On 18 May 1974, India detonated a nuclear device with an official yield of 12 kilotons, a bit smaller than the ”Little Boy” bomb that the United States dropped on Hiroshima in 1945. The plutonium that fueled the Pokhran blast came from reprocessed spent fuel from the Canadian-supplied CIRUS reactor. As a result, as the Canadian minister of trade and commerce, Mitchell Sharp, put it, ”Trust between the two countries was gone.” Years later, Raja Ramanna, the architect of the 1974 test, said at a public meeting, ”The Pokhran test was a bomb, I can tell you now.” Prodded by journalists, he added: ”An explosion is an explosion, a gun is a gun, whether you shoot at someone or shoot at the ground.”
India's test triggered serious international repercussions. Most significantly, it prompted various Western countries to form the Nuclear Suppliers Group, which restricts the export of nuclear technologies and materials to countries such as India that refuse to sign the Nuclear Nonproliferation Treaty. To some degree, the NSG's restrictions achieved their desired effect. All nuclear facilities built in India since 1974 have experienced delays and have repeatedly been scaled back. Replacement parts became harder to acquire, and Indian nuclear engineers found their foreign counterparts far less willing to help them solve technical problems.
But the sanctions did nothing to discourage India from surreptitiously continuing its research and development of nuclear weapons. In 1998, the country finally came clean. On 11 and 13 May, it conducted two tests that each consisted of multiple explosions, including one that India claimed was a 45-kiloton hydrogen bomb--though independent analyses of seismic data indicate that the bomb's yield was actually a fraction of the size. Two weeks later, Pakistan followed suit with its own nuclear tests. South Asia had become, in the words of U.S. President Bill Clinton, ”the most dangerous place in the world”--and also the focus of renewed U.S. strategic interest.
A diplomatic transition did not take place overnight. Although Clinton traveled to New Delhi in 2000 to meet with Indian Prime Minister Atal Bihari Vajpayee and discuss ”strategic” partnerships, his administration refused to resume civilian nuclear cooperation, despite much interest from the Indian side. It was only when President George W. Bush came to power in 2001 that a different perspective on India took shape.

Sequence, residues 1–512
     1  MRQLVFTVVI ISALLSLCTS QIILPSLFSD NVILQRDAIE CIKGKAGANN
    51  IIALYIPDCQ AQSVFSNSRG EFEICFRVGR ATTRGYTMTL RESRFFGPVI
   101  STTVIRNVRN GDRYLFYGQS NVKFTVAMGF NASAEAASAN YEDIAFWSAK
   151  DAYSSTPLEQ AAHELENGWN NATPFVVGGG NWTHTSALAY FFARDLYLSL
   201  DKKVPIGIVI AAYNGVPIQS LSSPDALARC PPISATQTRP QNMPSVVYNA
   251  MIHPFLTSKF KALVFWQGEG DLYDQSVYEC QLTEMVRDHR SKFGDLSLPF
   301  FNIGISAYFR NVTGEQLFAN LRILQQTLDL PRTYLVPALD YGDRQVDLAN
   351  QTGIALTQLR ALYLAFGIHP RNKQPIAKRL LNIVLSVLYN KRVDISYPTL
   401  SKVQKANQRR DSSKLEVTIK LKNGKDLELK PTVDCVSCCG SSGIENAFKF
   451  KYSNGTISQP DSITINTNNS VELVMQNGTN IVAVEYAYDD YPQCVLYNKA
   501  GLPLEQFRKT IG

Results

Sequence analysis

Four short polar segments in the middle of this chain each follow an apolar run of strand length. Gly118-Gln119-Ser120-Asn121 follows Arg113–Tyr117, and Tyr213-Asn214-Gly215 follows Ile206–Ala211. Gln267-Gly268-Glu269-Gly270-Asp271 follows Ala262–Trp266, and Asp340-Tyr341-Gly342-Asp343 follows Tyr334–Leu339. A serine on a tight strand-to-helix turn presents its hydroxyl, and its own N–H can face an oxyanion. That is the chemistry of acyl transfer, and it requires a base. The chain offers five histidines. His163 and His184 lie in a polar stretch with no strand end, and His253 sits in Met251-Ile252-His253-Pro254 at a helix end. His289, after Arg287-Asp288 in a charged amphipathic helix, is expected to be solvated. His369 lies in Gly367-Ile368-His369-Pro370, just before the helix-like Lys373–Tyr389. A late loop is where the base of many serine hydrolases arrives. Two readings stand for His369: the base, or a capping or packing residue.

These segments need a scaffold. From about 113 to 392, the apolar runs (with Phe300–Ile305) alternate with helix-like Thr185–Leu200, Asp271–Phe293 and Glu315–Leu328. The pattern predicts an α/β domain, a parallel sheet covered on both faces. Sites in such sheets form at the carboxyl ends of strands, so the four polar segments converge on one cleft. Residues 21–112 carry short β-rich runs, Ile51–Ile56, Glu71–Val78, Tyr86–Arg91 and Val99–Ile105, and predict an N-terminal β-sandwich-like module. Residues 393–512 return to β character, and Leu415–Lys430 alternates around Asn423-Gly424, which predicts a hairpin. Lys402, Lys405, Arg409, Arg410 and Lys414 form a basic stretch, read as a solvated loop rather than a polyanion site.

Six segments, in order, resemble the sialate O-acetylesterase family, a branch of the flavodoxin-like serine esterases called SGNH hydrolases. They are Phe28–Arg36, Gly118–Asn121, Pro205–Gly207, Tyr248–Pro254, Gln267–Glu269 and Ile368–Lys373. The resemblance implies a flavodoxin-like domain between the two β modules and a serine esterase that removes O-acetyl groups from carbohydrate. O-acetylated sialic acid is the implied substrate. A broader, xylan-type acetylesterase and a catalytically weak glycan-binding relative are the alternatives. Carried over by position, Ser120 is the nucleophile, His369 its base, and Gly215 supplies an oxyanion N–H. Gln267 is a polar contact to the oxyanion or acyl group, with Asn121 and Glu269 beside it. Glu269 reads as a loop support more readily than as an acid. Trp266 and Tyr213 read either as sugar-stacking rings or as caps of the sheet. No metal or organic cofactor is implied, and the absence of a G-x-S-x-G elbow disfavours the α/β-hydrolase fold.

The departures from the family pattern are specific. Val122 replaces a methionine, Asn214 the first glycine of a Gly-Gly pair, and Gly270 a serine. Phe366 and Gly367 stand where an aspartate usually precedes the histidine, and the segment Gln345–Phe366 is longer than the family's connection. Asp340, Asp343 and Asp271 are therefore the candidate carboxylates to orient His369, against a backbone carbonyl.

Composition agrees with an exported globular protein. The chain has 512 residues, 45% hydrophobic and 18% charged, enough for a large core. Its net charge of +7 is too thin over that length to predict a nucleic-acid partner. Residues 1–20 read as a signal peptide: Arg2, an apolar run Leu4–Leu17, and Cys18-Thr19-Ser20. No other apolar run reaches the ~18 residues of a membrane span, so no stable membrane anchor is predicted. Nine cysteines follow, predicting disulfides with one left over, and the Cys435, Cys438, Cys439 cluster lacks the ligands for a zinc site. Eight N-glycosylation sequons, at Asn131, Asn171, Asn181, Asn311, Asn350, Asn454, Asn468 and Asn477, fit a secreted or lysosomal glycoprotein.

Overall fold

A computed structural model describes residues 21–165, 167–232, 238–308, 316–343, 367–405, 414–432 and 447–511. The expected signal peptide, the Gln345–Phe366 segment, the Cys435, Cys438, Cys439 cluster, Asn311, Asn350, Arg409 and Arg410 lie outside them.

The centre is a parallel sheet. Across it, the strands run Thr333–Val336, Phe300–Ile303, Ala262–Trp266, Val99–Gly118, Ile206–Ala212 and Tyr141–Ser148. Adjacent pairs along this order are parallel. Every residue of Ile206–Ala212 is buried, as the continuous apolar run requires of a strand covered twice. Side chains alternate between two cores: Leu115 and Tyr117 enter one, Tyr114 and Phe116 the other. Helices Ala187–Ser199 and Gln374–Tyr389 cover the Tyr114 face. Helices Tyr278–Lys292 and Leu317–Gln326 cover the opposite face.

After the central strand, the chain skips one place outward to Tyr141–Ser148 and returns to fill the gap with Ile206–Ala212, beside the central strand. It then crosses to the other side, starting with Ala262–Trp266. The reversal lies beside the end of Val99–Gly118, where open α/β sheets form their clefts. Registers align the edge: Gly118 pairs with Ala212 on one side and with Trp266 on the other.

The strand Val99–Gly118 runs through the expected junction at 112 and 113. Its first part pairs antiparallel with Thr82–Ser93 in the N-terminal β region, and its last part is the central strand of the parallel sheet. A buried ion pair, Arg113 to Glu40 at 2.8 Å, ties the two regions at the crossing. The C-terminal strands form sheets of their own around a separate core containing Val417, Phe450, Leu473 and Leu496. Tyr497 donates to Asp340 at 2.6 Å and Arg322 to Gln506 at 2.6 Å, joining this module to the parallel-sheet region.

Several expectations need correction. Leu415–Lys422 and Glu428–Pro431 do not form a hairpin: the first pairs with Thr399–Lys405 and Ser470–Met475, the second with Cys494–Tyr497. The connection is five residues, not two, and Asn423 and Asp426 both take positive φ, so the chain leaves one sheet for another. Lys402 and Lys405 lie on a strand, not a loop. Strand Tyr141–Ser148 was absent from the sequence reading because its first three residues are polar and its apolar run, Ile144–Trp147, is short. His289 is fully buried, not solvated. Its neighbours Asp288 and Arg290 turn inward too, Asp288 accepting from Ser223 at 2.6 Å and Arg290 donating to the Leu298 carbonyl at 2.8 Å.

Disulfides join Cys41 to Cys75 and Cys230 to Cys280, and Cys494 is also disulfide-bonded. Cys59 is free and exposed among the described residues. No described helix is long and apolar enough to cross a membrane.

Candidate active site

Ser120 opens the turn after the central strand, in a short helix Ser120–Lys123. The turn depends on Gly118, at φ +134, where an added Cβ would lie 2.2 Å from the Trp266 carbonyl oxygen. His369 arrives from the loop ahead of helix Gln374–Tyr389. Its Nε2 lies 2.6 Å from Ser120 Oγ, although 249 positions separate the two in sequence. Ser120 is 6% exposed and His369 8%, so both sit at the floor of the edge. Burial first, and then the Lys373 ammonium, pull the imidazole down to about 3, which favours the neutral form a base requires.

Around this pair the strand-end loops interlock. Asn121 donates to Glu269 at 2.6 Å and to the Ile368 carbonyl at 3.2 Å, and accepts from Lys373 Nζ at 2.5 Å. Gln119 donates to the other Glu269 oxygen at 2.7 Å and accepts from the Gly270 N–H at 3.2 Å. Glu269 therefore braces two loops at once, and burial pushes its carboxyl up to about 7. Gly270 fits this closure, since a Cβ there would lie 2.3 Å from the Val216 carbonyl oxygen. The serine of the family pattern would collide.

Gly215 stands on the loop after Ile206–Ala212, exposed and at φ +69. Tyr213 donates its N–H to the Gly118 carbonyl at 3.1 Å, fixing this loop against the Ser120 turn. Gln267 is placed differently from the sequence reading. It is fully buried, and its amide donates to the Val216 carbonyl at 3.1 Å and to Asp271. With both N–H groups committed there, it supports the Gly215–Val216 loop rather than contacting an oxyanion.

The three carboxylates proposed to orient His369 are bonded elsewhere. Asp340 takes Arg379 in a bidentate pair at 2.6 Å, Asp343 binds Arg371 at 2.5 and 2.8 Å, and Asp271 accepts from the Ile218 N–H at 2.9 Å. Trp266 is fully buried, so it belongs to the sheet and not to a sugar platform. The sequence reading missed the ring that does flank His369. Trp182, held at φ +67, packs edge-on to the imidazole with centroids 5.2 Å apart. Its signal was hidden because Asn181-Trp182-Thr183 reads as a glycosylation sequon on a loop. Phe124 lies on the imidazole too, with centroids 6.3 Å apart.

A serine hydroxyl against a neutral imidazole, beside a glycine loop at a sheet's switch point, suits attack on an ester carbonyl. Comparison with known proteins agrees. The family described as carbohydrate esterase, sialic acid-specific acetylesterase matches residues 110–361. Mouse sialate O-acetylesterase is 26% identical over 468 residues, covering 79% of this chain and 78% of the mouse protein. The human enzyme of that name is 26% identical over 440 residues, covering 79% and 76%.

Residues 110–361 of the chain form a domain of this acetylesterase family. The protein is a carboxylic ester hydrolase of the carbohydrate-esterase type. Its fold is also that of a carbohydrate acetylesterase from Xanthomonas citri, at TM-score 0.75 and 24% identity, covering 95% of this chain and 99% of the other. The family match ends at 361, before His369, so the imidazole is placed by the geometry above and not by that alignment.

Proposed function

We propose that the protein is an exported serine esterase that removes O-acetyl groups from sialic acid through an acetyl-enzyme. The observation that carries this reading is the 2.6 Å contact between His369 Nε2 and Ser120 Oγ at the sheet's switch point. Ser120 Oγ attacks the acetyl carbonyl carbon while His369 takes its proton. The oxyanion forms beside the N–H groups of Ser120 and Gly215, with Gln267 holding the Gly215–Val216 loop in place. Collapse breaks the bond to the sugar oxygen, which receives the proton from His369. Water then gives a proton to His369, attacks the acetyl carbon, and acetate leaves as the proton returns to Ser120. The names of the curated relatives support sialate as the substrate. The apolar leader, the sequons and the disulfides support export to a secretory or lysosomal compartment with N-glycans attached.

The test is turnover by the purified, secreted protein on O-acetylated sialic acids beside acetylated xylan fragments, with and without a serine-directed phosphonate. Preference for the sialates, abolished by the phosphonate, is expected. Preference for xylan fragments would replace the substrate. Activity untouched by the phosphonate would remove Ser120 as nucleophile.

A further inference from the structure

The previous year, Bush's national security advisor-to-be, Condoleezza Rice, had argued in a Foreign Affairs article that the United States should recognize India as a counterweight to China. This idea was echoed by other strategists, including Ashley Tellis, who helped design the civil nuclear agreement with India. ”If the United States is serious about advancing its geopolitical objectives in Asia, it would almost by definition help New Delhi develop strategic capabilities such that India's nuclear weaponry and nuclear forces could deter against the growing and utterly more capable nuclear forces Beijing is likely to possess by 2025,” Tellis wrote in a report for the Carnegie Endowment for International Peace, in Washington, D.C., where he is a senior associate.
For the Bush administration, India's emergence as a de facto nuclear weapons state was to be embraced, not punished. That shift in attitude was formalized in December 2006, when Bush signed a bill amending the U.S. Atomic Energy Act--the first step toward reversing a three-decade ban on nuclear trade with India. Robert Blackwill, a former U.S. ambassador to India and deputy national security advisor, summed up the administration's thinking in a March 2005 Wall Street Journal opinion piece: ”Why should the United States want to check India's missile capability in ways that could lead to China's permanent nuclear dominance over democratic India?” And why, he might have added, should U.S. companies forgo lucrative opportunities with Indian customers, when suppliers in other countries--indifferent to New Delhi's nuclear weapons status--would be rushing in to do business?
Should the pact be sealed, India will allow inspectors from the Vienna-based International Atomic Energy Agency to regularly survey its civilian nuclear facilities. India, in turn, will be eligible to import uranium to fuel those civilian reactors that undergo inspection. It will also be able to purchase light-water reactors, the most popular reactor type worldwide. However, the country is under no obligation to allow safeguards on all of its civilian reactors. U.S. companies, for their part, will gain a foothold in a newly opened economy.
Some hurdles, however, remain. India and the United States are still negotiating the terms for importing uranium. The IAEA must nail down the details of the India-specific safeguards, and the Nuclear Suppliers Group will need to agree to amend its rules to permit trade between the United States and India.